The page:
Emeraldspotted Wood Dove were seen on the way down to the parking area.

Back at camp, a gentle stroll along the Samango Trail produced a pair of elegant Tambourine Dove and a pair of Brown Robin were also seen on a particularly thick, jungle-like portion of the trail, on the actual path. They are obviously not welcome in camp, presumably out-competed by the Natal Robin. Just to ram home the point, a Natal Robin pooed on the picture of a Brown Robin in the bird book I had left open in camp!

The trail also provides lovely elevated viewsites above the lake, with Purplecrested Lourie flying amongst the tall trees and Whitebreasted Cormorant flying, landing, diving and catching fish.

KuNhlange Lake itself boasted plenty of Pied Kingfisher, their lives made easier by the crystal-clear water, Yellow Weavers and African Pied Wagtail. A pair of Trumpeter Hornbill were seen in the morning flying over the 24.6km long lake and then again back across the water in the late afternoon, leading me to wonder if they were the same pair returning to the same perch?

The attractions at Kosi Bay are spread out over a large area, linked by confusing sandy tracks, and 4×4 and a local guide are essential.

The drive out to Black Rock, a promontory jutting out to sea, provided a pair of Whitefronted Plover on the landmark itself, while Gymnogene and Rufousnaped Lark were seen on the way there, along with Fantailed Widowbirds fluttering slowly about, in the grasslands that are around the Kosi Bay area.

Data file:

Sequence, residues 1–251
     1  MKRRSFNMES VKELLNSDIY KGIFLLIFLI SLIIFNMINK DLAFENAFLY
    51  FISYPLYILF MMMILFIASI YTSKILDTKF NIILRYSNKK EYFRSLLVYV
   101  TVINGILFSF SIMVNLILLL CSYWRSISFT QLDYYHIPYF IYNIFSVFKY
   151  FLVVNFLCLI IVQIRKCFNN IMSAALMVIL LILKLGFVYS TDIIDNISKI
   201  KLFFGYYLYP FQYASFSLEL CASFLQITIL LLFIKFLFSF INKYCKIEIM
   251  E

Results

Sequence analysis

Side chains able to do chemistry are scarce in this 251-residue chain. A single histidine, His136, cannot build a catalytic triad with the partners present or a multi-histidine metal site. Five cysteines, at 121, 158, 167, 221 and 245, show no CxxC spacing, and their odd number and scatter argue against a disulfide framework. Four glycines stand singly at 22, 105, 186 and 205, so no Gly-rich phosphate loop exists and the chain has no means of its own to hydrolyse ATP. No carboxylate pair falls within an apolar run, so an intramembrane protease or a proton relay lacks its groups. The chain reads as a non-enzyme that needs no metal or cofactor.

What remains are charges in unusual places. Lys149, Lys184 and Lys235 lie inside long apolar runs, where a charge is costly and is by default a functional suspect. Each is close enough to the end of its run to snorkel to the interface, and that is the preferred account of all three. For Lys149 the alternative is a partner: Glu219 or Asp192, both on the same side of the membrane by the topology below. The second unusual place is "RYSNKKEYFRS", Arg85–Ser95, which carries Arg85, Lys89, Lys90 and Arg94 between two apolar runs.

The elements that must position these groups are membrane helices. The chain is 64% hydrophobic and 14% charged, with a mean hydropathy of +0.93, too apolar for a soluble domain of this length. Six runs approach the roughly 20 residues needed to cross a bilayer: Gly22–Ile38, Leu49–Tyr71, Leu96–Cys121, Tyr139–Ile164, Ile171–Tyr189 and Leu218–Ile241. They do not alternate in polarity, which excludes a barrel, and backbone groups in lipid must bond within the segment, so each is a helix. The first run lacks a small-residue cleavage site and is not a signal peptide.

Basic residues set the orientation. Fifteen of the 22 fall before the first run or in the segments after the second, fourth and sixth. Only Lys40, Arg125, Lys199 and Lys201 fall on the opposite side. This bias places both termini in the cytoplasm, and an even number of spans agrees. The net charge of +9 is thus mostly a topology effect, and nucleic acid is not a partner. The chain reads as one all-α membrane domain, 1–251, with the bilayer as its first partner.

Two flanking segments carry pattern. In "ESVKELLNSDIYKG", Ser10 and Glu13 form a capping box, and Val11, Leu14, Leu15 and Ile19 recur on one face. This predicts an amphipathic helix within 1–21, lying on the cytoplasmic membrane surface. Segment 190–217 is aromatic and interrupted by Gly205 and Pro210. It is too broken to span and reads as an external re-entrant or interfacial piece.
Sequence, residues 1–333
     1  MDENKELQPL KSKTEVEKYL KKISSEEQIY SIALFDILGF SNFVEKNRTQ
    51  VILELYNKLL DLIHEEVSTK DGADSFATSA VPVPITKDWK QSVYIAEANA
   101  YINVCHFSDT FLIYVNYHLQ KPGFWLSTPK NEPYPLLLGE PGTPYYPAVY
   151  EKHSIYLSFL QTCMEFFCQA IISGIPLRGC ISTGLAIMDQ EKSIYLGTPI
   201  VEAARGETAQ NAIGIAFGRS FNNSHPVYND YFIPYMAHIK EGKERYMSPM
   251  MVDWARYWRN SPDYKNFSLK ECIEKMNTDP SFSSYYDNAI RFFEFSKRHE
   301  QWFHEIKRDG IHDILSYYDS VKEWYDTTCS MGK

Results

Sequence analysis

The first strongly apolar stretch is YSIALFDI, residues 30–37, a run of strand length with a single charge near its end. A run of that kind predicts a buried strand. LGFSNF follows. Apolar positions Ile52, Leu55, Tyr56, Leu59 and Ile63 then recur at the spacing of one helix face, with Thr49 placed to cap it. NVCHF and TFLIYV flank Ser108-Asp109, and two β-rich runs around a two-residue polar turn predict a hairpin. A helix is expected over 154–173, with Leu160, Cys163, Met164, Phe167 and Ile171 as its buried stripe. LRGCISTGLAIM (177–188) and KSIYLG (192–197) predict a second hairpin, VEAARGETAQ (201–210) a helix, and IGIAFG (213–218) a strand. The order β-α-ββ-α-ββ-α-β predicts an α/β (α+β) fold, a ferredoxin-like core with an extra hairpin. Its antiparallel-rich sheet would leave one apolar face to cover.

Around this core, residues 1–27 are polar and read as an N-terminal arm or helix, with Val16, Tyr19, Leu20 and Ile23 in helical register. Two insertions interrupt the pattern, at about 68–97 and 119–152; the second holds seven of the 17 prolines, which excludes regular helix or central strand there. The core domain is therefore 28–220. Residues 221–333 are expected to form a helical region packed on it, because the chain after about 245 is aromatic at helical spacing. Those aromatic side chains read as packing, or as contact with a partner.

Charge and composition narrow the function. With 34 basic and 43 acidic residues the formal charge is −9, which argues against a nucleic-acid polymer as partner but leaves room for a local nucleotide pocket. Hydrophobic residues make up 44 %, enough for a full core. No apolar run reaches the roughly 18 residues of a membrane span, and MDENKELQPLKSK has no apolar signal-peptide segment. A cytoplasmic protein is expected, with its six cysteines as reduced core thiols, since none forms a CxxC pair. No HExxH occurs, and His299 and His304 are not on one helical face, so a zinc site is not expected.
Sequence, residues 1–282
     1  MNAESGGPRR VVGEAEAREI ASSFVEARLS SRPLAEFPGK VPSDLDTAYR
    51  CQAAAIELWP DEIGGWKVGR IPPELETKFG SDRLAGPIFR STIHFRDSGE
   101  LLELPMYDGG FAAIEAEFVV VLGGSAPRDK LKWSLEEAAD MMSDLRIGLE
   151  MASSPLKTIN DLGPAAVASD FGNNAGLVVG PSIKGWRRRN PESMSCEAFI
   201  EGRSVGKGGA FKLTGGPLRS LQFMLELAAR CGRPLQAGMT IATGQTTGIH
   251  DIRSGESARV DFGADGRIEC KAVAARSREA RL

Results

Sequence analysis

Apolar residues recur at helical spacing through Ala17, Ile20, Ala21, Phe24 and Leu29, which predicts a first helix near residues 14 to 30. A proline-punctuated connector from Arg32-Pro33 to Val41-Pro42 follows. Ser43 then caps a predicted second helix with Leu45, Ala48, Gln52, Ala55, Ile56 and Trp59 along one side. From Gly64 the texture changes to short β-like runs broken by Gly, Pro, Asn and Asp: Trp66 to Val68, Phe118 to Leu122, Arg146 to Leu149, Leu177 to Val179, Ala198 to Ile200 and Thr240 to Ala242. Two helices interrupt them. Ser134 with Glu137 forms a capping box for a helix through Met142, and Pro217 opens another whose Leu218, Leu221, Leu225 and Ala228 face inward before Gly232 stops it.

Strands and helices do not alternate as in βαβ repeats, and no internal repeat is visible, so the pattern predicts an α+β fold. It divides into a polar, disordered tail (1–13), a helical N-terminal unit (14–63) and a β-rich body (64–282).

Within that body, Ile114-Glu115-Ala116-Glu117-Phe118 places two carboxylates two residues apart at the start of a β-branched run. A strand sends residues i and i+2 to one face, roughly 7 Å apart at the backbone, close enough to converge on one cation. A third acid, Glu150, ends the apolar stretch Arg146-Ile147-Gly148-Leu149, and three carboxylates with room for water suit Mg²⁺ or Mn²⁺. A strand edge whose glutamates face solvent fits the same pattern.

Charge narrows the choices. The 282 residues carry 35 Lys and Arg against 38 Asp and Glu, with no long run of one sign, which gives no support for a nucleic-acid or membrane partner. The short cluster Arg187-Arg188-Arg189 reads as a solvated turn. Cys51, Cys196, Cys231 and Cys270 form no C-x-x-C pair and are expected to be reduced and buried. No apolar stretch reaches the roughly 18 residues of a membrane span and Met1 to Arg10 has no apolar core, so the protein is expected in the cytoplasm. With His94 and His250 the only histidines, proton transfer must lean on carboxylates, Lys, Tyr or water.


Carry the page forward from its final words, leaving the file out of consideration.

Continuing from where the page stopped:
Whitefronted Plover on Black Rock

Whitefronted Plover on Black Rock



Kosi Bay is at the north-eastern border of KwaZulu-Natal



Sightings List

Pygmy Kingfisher

Natal Robin

Olive Sunbird

Red Bush Squirrel

Blackthroated Wattle-Eye

African Hoopoe

Pied Kingfisher

Trumpeter Hornbill

Yellow Weaver

Squaretailed Drongo

Tambourine Dove

Purplecrested Lourie

Whitebreasted Cormorant

Terrestrial Bulbul

Southern Boubou

Goldentailed Woodpecker

Little Bee-Eater

Blackeyed Bulbul

Emeraldspotted Wood Dove

Common Tern

Fiscal Shrike

House Sparrow

Spectacled Weaver

Pied Crow

African Pied Wagtail

Blackbellied Starling

Samango Monkey

Familiar Chat

Lesser Striped Swallow

Common Myna

Blackheaded Heron


Hadeda Ibis

Rufousnaped Lark

Whitefronted Plover

Vervet Monkey

European Swallow

Redeyed Dove

Eastern Coastal Skink

Brown Robin


Caspian Tern

Yellowbilled Kite

Fantailed Widowbird


Amatikulu Nature Reserve 2

Posted on November 21, 2012 by Ken